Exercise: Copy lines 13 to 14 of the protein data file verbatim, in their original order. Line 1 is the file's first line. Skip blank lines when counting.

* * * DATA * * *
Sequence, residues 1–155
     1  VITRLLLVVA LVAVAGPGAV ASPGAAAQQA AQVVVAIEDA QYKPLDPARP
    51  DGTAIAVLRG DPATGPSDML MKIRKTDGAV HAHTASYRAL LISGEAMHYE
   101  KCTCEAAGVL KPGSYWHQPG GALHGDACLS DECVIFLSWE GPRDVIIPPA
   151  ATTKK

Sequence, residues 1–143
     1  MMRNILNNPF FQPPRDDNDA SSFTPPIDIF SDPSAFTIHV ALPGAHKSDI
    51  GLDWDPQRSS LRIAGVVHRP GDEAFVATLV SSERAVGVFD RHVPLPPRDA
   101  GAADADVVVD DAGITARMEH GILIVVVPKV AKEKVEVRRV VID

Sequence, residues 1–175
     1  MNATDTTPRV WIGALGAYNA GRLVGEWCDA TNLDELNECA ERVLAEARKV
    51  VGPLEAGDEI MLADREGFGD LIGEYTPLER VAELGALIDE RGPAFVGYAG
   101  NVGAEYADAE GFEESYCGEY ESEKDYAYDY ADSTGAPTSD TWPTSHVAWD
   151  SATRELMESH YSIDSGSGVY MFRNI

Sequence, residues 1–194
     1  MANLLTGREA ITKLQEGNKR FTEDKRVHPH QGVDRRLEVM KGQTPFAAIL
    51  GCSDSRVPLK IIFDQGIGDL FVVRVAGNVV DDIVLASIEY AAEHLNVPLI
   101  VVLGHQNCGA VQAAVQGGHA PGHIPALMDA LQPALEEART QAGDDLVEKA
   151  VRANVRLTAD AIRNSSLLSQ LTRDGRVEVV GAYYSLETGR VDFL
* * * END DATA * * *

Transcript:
   101  NVGAEYADAE GFEESYCGEY ESEKDYAYDY ADSTGAPTSD TWPTSHVAWD
   151  SATRELMESH YSIDSGSGVY MFRNI